Nyu Law Application Essays

Here’s an example of a common prompt:
”A personal statement of 1,000 words or less from the nominee describing his or her background, interests, plans for graduate study and career aspirations. The statement should include a discussion of some experiences and ideas that have shaped those interests, plans and aspirations.”

As Mary Tolar has noted, “If you are applying for nationally competitive scholarships, for graduate school, or for a number of post-graduate service or employment opportunities, you have seen the vaguely phrased request; in one form or another, it comes down to “tell us something about yourself… You are asked to share your “academic and other interests. A clearer charge might be: compose an essay that reveals who you are, what you care about, and what you intend to do in this life. Tell this story in a compelling manner, and do so in less than a thousand words. What’s so hard about that? Simply make sense of your life. (right.) But what does that mean?”

The personal statement is more like a genre than a rubric; there are set of constraints, but no formulas. This means that we need to triangulate our understanding of what it will be with more than one piece of advice rather than a single definition.

For that reason, I recommend you begin by printing out Mary Tolar’s advice. Highlight the phrases that strike you as helpful. Chances are, these are the phrases that surprise you or confirm what was a hunch. Noticing what stands out will help reveal assumptions you may not have even known you had. (This is a stage in the process that should not be overlooked in your rush to master the personal statement. The more you notice what you are learning, the easier the process will become.) 

Application Form

Please follow the directions carefully and include the requested information in the spaces provided. You may also upload various attachments to your application as outlined in the attachment section of the application. Please do not submit attachments in lieu of completing the requested information in each section of the application.

CAS Report

All applicants for admission to the JD program are required to take the Law School Admission Test (LSAT). All applicants are required to register for the Credential Assembly Service (CAS). After your application is received electronically, a request for your CAS report from the Law School Admissions Council (LSAC) is made automatically. The CAS report summarizes undergraduate academic work and includes copies of your transcripts, your LSAT score, and your writing sample. The law school code for NYU School of Law is 2599.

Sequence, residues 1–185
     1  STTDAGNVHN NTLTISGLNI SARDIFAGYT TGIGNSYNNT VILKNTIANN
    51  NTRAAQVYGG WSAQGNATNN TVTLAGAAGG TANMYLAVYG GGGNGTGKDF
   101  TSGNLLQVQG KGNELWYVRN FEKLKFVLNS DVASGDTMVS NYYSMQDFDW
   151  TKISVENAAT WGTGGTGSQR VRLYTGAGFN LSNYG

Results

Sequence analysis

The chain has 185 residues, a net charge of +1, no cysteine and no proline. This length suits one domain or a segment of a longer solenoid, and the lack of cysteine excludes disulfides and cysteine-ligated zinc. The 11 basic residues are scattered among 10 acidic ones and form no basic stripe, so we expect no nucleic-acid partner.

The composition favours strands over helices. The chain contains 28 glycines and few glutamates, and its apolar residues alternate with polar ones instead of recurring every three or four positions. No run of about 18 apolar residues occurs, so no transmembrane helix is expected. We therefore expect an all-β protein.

Note for Foreign-Educated Applicants: Foreign transcripts must be submitted through the LSAC Credential Assembly Service (CAS). Applicants who completed any post-secondary work outside of the United States (including its territories) or Canada, must use this service for the evaluation of foreign transcripts. The one exception to this requirement is foreign work completed through a study abroad, consortium, or exchange program sponsored by a US or Canadian institution, and where the work is clearly indicated as such on the home campus transcript. Please visit www.lsac.org for details.

Recommendation Forms

Two recommendations are required to complete your admissions application.

The Committee on Admissions requires the use of the LSAC Letter of Recommendation (LOR) Service. Please do NOT submit duplicate letters directly to NYU School of Law.

Note: The Root-Tilden-Kern Scholarship; the Lindermann Family Public Service Scholarship; the Jacobson Public Service Scholarship for Women, Children, and Families; the Sinsheimer Service Scholarship; and the Filomen M. D'Agostino Scholarship applications require at least one additional recommendation that addresses the applicant's commitment to public service (see Scholarship section for details).

Application Fee or Waiver

When you transmit your application electronically, the fee, payable by credit card only, is $85.  The application fee is not applied to tuition and is not refundable.

Applicants who have received an LSAC-approved LSAT or CAS fee waiver, will have their NYU School of Law $85 application fee automatically waived.

Applicants who are alumni of Teach for America or the Peace Corps are eligible for an $85 application fee waiver. To qualify, applicants must have completed their 2-year commitment to Teach for America or the Peace Corps by the start of the fall semester. Further, Teach for America alumni must have completed TFA's pre-corps training institute and served as a teacher for two years in a low-income community through their Teach for America placement. Applicants who have completed less than 2 years by the start of law school or those who are just entering Teach for America or the Peace Corps are not eligible. The application fee will also be waived for those who have served or are serving in the United States military. (Participation in a foreign country's military does not qualify an applicant for a fee waiver.)

Teach for America, Peace Corps and US military participants should send their request for a fee waiver to law.moreinfo@nyu.edu. Applicants must have an account with the LSAC. To request an application fee waiver, please include your L number, a verification letter as well as the basis for the waiver (Teach for America, Peace Corps, or US military service).

Personal Statement

While the Committee on Admissions does not use interviews as part of the selection process, we would like to give you the opportunity to include more information about yourself than the application form conveys. Because people and their interests vary, we leave the content and length of your statement to your discretion. You may wish to complete or clarify your responses to items on the application form, bring to our attention additional information you feel should be considered, describe important or unusual aspects of yourself not otherwise apparent in your application, or tell us what led you to apply to NYU School of Law.


A resume is required to complete your application.

Supplying Additional Information